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Osmo Vänskä - BEETHOVEN, van L.: Symphony No. 9, "Choral" (Minnesota Orchestra, Vanska)

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BEETHOVEN, van L.: Symphony No. 9, "Choral" (Minnesota Orchestra, Vanska)

Friedrich von Schiller - Ludwig van Beethoven

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Anyone familiar with BIS' variable sound quality should feel a little cautious about acquiring this SACD of Beethoven's Symphony No. 9 in D minor because the recording is not quite state of the art and quite frustrating to deal with. Granted, there's no lack of details in this meticulous performance by Osmo Vänskä and the Minnesota Orchesta and Chorale, nor any concern that the musicians have seriously misinterpreted the score, so for a satisfactory reading that has all the notes, this one will do nicely. But SACDs aren't supposed to sound this stuffy, sterile, and airless, and the orchestra shouldn't sound so clinically miked. A multichannel recording like this should sound fabulously resonant and vibrantly alive, not mixed down to some middling audio level that can be played safely on ordinary stereo equipment. Alas, this is about as dull as any DSD recording of the Ninth can sound, and the levels are so low that it's easy to miscalculate volume settings. The worst aspect of this mixing down is the homogenization of the orchestra's sections and the draining of natural resonance that makes everything seem flat, as if played behind an aural scrim. Even the Finale, with its dramatic vocal and choral parts, sounds like a two-dimensional rendering of Beethoven's score, instead of an "Ode to Joy" with physical depth and dynamic range. So there are no compelling reasons to invest your dollars in this SACD, especially since a superior performance by Bernard Haitink and the London Symphony Orchestra on LSO Live is also available on SACD.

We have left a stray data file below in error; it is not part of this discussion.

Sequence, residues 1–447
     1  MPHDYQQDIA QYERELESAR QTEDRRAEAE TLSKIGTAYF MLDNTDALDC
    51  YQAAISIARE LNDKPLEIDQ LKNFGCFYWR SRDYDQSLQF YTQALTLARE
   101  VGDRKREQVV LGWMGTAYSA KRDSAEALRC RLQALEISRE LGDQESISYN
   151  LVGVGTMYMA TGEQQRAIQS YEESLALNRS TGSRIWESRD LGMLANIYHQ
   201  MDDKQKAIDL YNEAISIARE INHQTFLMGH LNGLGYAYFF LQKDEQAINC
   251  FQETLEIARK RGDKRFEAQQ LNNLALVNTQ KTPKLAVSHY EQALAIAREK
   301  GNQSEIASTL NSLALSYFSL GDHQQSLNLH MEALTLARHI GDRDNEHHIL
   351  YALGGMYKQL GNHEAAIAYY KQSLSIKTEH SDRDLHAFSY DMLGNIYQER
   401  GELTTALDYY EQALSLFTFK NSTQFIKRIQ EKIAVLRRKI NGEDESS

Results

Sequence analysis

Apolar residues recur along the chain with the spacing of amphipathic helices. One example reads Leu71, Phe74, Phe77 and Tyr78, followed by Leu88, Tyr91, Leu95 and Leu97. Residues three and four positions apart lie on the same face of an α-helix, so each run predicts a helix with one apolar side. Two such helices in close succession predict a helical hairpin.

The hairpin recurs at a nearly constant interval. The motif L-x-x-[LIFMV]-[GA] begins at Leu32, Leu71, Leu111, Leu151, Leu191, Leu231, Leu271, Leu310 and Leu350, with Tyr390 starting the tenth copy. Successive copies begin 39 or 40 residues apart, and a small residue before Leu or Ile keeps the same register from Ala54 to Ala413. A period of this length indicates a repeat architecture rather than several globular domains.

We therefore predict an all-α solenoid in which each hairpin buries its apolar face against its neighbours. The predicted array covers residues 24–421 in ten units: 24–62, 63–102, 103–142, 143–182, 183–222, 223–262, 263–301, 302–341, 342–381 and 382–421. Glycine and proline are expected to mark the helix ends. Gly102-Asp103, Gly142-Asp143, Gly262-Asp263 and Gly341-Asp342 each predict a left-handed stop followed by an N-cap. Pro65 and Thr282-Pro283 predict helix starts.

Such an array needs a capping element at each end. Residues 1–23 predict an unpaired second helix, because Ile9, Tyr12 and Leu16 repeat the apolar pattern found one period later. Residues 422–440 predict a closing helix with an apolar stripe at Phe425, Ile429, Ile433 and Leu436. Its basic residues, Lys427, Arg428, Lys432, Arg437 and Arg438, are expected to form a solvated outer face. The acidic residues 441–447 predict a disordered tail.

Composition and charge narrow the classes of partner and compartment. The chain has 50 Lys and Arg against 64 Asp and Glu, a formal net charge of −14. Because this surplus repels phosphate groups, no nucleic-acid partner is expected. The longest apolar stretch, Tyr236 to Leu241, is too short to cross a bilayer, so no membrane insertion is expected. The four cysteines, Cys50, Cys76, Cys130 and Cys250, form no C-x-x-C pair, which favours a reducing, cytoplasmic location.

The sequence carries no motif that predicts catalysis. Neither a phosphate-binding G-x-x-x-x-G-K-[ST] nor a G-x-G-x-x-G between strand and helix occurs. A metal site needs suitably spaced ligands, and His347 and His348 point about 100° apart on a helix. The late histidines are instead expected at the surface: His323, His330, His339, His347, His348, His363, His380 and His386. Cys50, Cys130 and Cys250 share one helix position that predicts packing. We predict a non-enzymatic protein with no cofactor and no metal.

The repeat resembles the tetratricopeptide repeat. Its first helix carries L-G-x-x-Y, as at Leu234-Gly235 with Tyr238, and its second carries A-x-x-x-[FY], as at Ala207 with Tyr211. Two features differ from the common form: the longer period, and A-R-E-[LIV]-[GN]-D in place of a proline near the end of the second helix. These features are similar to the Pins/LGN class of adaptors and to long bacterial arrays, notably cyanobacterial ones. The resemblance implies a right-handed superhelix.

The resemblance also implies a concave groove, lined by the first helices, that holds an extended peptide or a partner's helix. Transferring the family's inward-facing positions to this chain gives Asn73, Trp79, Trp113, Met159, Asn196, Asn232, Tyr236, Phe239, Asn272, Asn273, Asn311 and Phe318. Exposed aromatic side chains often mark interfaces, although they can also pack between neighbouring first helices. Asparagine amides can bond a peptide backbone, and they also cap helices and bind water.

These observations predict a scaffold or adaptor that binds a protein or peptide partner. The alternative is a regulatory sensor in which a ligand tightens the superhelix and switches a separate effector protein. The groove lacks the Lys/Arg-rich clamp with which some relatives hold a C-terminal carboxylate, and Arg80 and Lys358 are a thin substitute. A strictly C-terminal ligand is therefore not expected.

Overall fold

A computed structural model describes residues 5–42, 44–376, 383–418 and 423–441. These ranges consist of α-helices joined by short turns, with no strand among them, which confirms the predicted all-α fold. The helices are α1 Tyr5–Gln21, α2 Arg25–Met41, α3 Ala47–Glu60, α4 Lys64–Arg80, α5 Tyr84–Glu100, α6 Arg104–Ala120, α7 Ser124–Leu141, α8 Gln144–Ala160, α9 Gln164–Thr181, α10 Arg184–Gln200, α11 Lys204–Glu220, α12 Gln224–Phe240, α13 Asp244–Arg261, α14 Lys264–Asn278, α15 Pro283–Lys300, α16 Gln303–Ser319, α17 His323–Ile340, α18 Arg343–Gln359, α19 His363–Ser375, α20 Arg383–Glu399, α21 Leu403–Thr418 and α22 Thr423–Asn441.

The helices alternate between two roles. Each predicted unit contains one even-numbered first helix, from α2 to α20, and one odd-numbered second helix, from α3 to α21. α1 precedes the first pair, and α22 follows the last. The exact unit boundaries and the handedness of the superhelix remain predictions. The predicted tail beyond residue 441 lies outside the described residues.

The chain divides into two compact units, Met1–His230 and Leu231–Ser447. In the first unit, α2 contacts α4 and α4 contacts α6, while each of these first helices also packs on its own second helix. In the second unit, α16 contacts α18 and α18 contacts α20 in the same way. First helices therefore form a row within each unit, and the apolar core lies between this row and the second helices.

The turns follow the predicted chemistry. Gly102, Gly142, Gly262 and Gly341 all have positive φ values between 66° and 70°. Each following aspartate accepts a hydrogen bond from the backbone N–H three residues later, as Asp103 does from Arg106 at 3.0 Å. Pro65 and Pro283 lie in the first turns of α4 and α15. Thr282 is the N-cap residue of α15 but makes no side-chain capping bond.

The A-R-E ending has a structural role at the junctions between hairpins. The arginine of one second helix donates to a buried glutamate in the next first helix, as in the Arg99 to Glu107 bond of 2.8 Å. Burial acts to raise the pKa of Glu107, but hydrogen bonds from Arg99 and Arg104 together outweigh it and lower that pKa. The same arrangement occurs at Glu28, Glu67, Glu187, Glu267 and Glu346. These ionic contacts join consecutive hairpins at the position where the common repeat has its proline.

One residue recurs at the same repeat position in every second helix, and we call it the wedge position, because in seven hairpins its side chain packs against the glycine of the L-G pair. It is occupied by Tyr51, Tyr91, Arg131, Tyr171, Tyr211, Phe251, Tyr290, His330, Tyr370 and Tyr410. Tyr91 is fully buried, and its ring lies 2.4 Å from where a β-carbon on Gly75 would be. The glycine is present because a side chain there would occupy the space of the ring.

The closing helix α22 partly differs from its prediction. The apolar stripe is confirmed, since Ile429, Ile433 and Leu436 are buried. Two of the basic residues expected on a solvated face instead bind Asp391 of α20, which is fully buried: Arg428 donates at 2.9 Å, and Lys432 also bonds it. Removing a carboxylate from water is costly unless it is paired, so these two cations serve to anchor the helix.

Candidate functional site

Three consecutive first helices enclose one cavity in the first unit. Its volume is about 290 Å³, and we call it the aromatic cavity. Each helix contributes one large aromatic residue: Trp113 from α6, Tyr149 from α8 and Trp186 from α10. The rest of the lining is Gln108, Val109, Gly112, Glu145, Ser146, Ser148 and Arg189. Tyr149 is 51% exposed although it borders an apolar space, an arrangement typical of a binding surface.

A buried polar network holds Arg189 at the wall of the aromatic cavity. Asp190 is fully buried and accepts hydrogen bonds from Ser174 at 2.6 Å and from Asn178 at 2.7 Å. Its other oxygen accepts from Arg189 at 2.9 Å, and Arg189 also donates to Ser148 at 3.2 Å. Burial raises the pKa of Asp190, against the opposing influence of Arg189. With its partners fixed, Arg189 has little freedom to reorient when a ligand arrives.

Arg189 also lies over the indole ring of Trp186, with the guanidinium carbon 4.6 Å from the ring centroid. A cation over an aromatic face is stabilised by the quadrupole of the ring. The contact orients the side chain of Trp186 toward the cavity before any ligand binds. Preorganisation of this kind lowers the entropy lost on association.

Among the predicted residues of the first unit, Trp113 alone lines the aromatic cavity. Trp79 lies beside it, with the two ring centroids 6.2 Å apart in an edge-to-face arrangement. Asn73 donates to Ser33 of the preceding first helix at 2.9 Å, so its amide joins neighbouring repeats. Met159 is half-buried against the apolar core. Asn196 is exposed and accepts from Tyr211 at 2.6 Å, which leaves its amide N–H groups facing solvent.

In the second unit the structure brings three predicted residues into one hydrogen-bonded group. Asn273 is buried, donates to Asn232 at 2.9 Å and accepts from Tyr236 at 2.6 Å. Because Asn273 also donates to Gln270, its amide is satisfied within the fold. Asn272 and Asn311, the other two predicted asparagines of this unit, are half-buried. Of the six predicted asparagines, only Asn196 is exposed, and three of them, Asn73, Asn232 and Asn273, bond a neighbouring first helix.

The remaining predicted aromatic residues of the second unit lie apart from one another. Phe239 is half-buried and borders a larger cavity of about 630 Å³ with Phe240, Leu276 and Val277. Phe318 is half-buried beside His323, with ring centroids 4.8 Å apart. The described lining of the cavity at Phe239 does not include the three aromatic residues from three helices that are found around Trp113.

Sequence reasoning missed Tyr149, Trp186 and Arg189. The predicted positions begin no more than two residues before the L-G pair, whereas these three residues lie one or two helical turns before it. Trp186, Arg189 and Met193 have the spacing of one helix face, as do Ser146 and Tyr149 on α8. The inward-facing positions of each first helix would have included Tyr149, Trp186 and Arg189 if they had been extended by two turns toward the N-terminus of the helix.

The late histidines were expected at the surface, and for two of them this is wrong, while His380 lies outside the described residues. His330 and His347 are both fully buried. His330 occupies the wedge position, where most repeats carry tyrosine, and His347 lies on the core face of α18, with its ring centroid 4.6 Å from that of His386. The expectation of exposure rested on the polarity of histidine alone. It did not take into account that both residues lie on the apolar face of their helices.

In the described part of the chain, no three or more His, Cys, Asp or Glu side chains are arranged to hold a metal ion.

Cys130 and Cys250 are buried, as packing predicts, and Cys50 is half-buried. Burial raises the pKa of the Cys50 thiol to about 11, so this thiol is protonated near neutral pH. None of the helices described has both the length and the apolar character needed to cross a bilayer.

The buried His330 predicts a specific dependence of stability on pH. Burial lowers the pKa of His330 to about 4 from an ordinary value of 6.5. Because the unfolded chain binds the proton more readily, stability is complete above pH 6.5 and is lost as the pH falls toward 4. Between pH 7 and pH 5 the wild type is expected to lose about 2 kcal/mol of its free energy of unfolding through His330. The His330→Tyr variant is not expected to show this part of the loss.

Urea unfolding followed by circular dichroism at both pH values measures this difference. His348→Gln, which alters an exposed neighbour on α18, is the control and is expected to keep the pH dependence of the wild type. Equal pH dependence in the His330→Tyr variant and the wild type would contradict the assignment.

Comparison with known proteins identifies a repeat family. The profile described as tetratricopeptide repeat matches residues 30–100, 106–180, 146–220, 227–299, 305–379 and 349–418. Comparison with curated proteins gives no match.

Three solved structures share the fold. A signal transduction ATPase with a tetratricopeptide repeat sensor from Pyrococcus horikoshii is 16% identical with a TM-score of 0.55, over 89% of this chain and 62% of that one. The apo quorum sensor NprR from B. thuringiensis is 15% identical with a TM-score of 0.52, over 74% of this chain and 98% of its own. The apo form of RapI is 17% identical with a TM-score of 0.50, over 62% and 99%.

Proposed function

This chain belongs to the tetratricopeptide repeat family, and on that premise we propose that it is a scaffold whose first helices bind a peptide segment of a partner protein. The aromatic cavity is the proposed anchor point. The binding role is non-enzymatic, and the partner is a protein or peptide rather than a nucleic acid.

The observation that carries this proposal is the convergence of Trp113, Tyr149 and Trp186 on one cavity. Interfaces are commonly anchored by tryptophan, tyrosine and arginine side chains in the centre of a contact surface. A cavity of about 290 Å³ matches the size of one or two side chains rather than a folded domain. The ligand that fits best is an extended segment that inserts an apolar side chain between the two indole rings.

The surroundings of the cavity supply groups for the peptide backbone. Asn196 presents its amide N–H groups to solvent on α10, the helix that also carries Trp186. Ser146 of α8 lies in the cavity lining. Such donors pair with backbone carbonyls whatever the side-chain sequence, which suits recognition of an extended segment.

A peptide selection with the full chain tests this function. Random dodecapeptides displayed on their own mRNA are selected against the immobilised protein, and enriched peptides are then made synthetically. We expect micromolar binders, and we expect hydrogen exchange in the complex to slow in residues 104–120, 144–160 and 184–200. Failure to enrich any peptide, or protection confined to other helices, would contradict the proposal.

© TiVo

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BEETHOVEN, van L.: Symphony No. 9, "Choral" (Minnesota Orchestra, Vanska)

Osmo Vänskä

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Symphony No. 9 in D Minor, Op. 125 "Choral" (Ludwig van Beethoven)

1
I. Allegro ma non troppo, un poco maestoso
Helena Juntunen
00:14:52

Osmo Vanska, Conductor - Neal Davies, bass - Daniel Norman, tenor - Minnesota Chorale, Choir - Osmo Vanska, Conductor - Katarina Karneus, mezzo-soprano - Minnesota Orchestra, Orchestra

(C) 2000 BIS (P) 2000 BIS

2
II. Molto vivace
Helena Juntunen
00:13:39

Osmo Vanska, Conductor - Neal Davies, bass - Daniel Norman, tenor - Minnesota Chorale, Choir - Osmo Vanska, Conductor - Katarina Karneus, mezzo-soprano - Minnesota Orchestra, Orchestra

(C) 2000 BIS (P) 2000 BIS

3
III. Adagio molto e cantabile - Andante moderato
Helena Juntunen
00:14:12

Osmo Vanska, Conductor - Neal Davies, bass - Daniel Norman, tenor - Minnesota Chorale, Choir - Osmo Vanska, Conductor - Katarina Karneus, mezzo-soprano - Minnesota Orchestra, Orchestra

(C) 2000 BIS (P) 2000 BIS

4
IV. Finale. Presto - Allegro assai
Helena Juntunen
00:23:01

Osmo Vanska, Conductor - Neal Davies, bass - Daniel Norman, tenor - Minnesota Chorale, Choir - Osmo Vanska, Conductor - Katarina Karneus, mezzo-soprano - Minnesota Orchestra, Orchestra

(C) 2000 BIS (P) 2000 BIS

Album Description

Anyone familiar with BIS' variable sound quality should feel a little cautious about acquiring this SACD of Beethoven's Symphony No. 9 in D minor because the recording is not quite state of the art and quite frustrating to deal with. Granted, there's no lack of details in this meticulous performance by Osmo Vänskä and the Minnesota Orchesta and Chorale, nor any concern that the musicians have seriously misinterpreted the score, so for a satisfactory reading that has all the notes, this one will do nicely. But SACDs aren't supposed to sound this stuffy, sterile, and airless, and the orchestra shouldn't sound so clinically miked. A multichannel recording like this should sound fabulously resonant and vibrantly alive, not mixed down to some middling audio level that can be played safely on ordinary stereo equipment. Alas, this is about as dull as any DSD recording of the Ninth can sound, and the levels are so low that it's easy to miscalculate volume settings. The worst aspect of this mixing down is the homogenization of the orchestra's sections and the draining of natural resonance that makes everything seem flat, as if played behind an aural scrim. Even the Finale, with its dramatic vocal and choral parts, sounds like a two-dimensional rendering of Beethoven's score, instead of an "Ode to Joy" with physical depth and dynamic range. So there are no compelling reasons to invest your dollars in this SACD, especially since a superior performance by Bernard Haitink and the London Symphony Orchestra on LSO Live is also available on SACD.
© TiVo

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